Column: Living the dream despite hassles

By Katie O'Connell

Once upon a time, I was going to be an actress, singer and dancer. I would never weigh more than a delicate 125 pounds, and my modeling career would only be matched by my success as a writer.

But then reality, like puberty, set in. And there was no going back.

Eventually, I came to terms with the fact that my singing voice is a strange mixture of Christina Aguilera in The Mickey Mouse Club and a chain-smoking hooker … not so great.

My dancing skills are similar to a freshman who snuck into a party and got tanked off of a power hour with non-alcoholic beer.

And my acting career peaked when I fell through the stage in high school during a monologue. It was intentional though, I swear.

So basically I was left with writing.

Oy vey.

As if the world didn’t have enough brooding, self-righteous literary snobs to fill its pages with grandiose descriptions, succinct verbs and moving passages of wit and emotions.

Also, I’ll never get a job. Or at least I’ll never get one that pays. The chances of making mad bank in journalism or in some sort of literary career are slim. I really hope my roommate that’s an accounting major likes living with me, because ten years from now I’ll probably be living above her garage and paying my rent in quarters.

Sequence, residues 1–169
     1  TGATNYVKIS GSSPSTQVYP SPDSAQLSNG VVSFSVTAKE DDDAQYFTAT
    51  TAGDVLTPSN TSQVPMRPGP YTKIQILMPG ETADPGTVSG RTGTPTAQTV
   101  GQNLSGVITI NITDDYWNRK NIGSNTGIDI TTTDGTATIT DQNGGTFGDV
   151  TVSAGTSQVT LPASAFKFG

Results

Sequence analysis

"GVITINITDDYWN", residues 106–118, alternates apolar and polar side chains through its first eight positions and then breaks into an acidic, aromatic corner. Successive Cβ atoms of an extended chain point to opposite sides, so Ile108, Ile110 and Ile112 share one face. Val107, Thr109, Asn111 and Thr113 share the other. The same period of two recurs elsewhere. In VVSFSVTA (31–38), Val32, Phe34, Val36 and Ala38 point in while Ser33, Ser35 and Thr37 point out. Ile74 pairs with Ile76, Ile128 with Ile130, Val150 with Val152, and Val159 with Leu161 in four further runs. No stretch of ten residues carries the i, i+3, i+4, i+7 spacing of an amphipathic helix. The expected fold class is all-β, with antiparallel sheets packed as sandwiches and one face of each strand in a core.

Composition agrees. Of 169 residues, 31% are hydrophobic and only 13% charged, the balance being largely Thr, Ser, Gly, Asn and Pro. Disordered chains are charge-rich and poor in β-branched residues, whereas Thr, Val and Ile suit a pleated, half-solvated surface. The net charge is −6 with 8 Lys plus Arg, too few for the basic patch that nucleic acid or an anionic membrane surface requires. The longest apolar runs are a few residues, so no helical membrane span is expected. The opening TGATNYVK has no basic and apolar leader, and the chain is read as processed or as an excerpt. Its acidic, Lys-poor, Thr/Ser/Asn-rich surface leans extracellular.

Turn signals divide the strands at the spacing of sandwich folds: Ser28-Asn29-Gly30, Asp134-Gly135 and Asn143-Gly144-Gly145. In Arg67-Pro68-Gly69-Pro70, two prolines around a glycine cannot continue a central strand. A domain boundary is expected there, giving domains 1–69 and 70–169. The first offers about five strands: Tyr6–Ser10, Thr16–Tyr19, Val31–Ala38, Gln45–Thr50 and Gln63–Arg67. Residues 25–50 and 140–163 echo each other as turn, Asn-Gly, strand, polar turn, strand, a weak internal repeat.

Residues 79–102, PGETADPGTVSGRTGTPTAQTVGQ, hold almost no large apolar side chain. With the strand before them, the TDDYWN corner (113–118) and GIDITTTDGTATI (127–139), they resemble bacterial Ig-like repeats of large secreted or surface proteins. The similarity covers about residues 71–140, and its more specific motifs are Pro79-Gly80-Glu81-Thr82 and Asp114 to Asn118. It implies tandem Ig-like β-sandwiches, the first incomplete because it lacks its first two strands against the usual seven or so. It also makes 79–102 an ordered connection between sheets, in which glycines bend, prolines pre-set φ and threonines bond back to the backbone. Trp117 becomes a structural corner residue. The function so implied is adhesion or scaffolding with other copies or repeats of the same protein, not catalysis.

Sure, I might not have the fancy things in life like vacations, jewelry or heat. I might be eating Ramen noodles for dinner every night while watching the news on a black-and-white TV set, but guess what?

I’ll still have my soul.

You business majors with your suits and brief cases and salaries. You future doctors and lawyers might be able to take two weeks off each summer to go to your different houses on your different islands.

But you’ll also spend the next ten years cooped up in a cubicle the size of my closet crunching numbers or calling clients until somebody notices that they’ve been paying you for awhile and they should probably give you a promotion.

I, however, will fight the boss man. Call me crazy, but I’d like to think that while I’m still young I can hold on to some shred of idealism.

After all, I’ve grown so much from the days when I thought that walking the red carpet was the only way to survive.

So until the financial hassles wear my soul down, I will retain the same principles of a pissed-off seventh grader who just discovered Converse shoes and Indie music and I’ll bask in the glamour of being a starving artist.